Pricing strategy - pay as you go is the third in our series of pricing strategy articles. In case you missed the first two articles, you can read them here Freemium + Upsell and Multiple Editions.

The third pricing strategy we’re going to look at is Pay-As-You-Go, usage based, or network based pricing where customers only pay for what they use on a transaction basis.


How does pay as you go pricing work?

There are two different ways this pricing strategy can work:

1. You can put down a sum of money in advance and this sum is decreased as you use the service.

In this example, a number of credits were purchased for a fee.

As those credits are used, the number of credits left counts down. Once the credits get to zero, you can no longer use the service until you purchase more credits.

In this version of the pay as you go model, the company you are purchasing the service from, (or your company if you are providing the service) can choose if there is also a time limit associated with the purchase.

For example, many telecommunication companies offer a pay as you go option, but you have to use your ‘credits’ within a certain number of days.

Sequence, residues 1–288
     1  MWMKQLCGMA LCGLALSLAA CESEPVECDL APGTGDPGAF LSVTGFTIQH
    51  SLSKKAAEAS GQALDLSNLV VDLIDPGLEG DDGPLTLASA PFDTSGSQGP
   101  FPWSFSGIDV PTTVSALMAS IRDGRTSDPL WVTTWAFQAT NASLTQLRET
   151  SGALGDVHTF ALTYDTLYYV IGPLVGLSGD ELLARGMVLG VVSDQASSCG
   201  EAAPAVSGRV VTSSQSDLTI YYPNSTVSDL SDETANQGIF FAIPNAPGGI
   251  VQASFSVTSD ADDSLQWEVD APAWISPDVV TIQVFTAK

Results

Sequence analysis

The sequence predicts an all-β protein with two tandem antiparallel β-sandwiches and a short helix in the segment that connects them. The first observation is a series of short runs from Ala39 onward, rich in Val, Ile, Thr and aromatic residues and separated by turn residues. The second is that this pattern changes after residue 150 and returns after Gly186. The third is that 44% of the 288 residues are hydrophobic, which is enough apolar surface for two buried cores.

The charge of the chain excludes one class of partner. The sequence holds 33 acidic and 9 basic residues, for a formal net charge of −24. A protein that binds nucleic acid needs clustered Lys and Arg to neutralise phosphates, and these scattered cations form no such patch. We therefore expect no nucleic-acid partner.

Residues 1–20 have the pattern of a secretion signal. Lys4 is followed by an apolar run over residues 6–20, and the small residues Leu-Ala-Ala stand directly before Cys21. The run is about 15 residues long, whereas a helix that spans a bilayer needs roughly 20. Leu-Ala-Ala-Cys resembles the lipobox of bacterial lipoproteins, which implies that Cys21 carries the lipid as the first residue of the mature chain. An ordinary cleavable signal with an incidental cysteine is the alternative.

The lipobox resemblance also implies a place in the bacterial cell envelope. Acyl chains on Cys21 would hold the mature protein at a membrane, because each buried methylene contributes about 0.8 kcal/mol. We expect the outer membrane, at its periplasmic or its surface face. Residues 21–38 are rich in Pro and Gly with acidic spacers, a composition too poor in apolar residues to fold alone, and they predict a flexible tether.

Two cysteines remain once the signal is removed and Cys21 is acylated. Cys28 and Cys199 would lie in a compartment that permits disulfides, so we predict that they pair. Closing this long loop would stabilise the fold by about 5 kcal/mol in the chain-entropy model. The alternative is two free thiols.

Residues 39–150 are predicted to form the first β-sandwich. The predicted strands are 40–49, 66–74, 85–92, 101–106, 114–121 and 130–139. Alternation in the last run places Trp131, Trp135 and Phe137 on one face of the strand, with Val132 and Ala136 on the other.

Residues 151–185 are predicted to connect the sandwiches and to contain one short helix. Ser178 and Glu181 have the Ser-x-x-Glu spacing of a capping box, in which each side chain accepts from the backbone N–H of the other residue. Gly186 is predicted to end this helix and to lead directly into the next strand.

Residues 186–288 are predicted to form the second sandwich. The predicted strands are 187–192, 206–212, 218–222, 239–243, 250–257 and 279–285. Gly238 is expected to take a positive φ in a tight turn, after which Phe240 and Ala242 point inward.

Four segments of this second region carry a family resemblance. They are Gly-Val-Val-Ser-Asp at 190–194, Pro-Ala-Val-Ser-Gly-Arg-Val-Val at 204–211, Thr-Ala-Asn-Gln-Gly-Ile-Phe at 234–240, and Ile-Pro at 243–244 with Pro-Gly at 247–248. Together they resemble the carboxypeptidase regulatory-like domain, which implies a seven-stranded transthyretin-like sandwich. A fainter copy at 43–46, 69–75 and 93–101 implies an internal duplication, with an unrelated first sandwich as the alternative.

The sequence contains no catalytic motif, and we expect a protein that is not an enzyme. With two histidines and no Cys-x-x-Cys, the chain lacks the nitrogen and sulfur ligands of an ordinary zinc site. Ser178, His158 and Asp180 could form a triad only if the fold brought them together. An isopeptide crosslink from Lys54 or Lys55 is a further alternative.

2. The more traditional pay as you go model works in the opposite way (pay in arrears).

Think of your utility bills, which you pay at the end of a pay period (usually 60 or 90 days) for the amount of water, hydroelectricity or gas, you used during that time. 

You receive an invoice that shows how much you used, and then you send in a payment.




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In a web-based business, the pay as you go model is usually connected with a software as a service provider or (SaaS).

This model bills for outsourced services by a transaction, time in use, peak period, or some other subscription metric and is delivered over the Internet.

Some models are entirely usage-based - users will pay a minimal setup charge, the usage fee, and for service and support. – while others combine a monthly recurring fee along with usage charges.

Pay as you go has been shown to lower consumption, compared to models where flat rates are charged.

Many cities are now charging a higher price for electricity during peak periods to encourage consumers to change their habits. There are even insurance companies that offer lower monthly premiums if customers use their cars less often.

Saving money can be a powerful motivator and in some cases, having a pay as you go option may be the reason someone chooses your business over a competitor.


To read more on our pricing strategies series, check out:



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